A surge in suicide bombings, brazen terror attacks on Kabul, and mass kidnappings in recent weeks in Afghanistan has indicated a significant and growing resurgence of both the Taliban and ‘Islamic State’ in the country after multiple failed attempts of the NATO-backed central government to strike ceasefire deals with the Taliban.
Most recently, Afghan President Ashraf Ghani survived what appeared to be an assassination attempt on August 21st, when a hail of shoulder-fired missiles landed near the presidential palace and in Kabul’s ‘green zone’, interrupting his televised speech.
But it appears Afghan government forces and their US and NATO advisory partners are in the process of clamping down on the insurgency while delivering pay-back, as Reuters reports the head of Islamic State in Afghanistan has been killed in an airstrike on Saturday.
According to Reuters:
The head of Islamic State in Afghanistan, Abu Saad Erhabi, was killed in a strike on the group’s hideouts in Nangarhar province on Saturday night, authorities said on Sunday.
Afghan state officials further say this was the fourth Islamic State leader in Afghanistan to be killed since July 2017.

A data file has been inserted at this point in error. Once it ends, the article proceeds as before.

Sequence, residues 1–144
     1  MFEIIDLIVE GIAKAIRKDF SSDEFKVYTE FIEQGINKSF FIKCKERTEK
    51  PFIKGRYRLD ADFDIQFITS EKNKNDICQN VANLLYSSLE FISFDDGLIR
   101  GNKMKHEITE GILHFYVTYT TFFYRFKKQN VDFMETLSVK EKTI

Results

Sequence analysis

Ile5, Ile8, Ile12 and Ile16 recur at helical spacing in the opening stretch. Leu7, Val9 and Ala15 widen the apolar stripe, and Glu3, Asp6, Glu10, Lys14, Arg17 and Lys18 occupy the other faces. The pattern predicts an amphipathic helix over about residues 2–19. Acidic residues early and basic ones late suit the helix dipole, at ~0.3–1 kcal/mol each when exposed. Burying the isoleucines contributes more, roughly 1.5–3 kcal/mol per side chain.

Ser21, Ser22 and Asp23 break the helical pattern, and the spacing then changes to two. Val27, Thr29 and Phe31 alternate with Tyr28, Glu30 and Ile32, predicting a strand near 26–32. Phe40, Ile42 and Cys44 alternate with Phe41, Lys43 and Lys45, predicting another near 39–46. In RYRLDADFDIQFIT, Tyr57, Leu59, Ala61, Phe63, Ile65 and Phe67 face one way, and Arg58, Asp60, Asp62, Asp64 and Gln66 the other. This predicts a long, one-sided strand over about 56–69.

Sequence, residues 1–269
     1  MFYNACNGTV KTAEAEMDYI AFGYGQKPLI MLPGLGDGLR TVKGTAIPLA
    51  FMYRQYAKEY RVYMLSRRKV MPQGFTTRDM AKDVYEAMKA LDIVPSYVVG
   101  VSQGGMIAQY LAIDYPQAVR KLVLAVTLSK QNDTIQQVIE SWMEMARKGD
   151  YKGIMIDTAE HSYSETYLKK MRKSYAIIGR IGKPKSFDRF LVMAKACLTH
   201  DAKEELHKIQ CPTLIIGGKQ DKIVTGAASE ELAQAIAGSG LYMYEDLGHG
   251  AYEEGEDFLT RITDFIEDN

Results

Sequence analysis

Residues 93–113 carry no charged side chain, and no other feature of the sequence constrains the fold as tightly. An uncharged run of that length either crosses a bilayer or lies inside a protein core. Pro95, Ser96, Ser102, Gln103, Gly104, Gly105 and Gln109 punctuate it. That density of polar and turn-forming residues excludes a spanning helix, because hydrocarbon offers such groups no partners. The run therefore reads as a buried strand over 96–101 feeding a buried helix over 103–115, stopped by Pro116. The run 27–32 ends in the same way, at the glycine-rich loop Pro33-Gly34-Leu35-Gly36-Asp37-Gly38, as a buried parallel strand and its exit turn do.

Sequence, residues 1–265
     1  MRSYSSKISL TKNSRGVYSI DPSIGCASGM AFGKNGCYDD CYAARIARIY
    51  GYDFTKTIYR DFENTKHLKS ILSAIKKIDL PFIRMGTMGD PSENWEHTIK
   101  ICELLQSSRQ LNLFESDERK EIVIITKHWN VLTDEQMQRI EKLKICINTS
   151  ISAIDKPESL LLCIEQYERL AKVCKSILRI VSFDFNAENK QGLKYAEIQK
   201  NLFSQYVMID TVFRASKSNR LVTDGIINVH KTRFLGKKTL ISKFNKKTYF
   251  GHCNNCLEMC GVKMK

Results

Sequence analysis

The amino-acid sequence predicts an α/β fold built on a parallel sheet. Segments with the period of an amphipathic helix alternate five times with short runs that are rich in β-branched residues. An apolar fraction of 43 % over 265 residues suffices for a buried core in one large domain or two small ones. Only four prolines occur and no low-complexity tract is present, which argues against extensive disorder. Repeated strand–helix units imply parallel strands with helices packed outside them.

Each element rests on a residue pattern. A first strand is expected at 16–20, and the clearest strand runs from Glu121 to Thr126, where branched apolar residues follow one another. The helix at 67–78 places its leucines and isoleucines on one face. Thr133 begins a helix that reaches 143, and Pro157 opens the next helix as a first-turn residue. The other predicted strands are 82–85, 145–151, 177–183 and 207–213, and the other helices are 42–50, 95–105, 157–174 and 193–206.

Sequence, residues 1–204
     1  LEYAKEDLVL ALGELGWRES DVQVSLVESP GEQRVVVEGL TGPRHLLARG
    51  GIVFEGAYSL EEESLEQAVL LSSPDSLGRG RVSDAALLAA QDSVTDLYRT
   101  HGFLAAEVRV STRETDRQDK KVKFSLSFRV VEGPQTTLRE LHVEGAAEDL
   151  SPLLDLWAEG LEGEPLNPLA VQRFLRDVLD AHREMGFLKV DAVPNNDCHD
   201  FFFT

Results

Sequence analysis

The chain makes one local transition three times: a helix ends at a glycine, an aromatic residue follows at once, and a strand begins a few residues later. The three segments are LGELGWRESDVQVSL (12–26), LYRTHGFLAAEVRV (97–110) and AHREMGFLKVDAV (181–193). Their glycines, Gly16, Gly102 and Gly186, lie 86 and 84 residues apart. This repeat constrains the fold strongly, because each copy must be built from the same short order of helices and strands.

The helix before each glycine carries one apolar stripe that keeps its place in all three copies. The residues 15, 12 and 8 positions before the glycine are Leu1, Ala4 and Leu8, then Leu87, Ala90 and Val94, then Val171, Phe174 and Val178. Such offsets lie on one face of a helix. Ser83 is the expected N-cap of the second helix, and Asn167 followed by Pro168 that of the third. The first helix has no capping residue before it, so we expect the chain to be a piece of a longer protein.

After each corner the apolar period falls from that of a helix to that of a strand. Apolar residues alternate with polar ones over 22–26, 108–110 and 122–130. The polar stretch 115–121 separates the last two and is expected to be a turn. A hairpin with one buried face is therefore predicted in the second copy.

During separate raids on the terrorists’ positions, large quantities of heavy and light weapons were recovered.
The Islamic State currently has a stronghold in Nangarhar, on Afghanistan’s eastern border with Pakistan, which is a notoriously porous border region.
The group has been active in Afghanistan since the start of 2015, after ISIS leaders in Iraq and Syria reportedly planned to fund the terror group’s expansion into south and central Asia.
According to LawFare Blog, the group started out as a tiny cell, but quickly co-opted other Islamist groups and gained visibility from there: In January 2015, the Islamic State formally announced the establishment of what it called “Wilayat Khorasan,” or Khorasan Province, in Afghanistan and Pakistan. Over the next several months, the Islamic State focused on co-opting local militants and expanding its networks in Afghanistan and Pakistan.
Though their total numbers remain difficult to assess, the Pentagon estimates that there are upwards of 2,000 Islamic State militants currently in Afghanistan.
A year ago President Trump authorized sending 4,000 more American troops to Afghanistan in a train and assist capacity as the third president to attempt to stabilize what’s been dubbed “the endless war” — and over the past two weeks Trump’s foreign policy cabinet members have been in discussion concerning a possible new direction for US policy regarding the seventeen-year long war.
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Author: Tyler Durden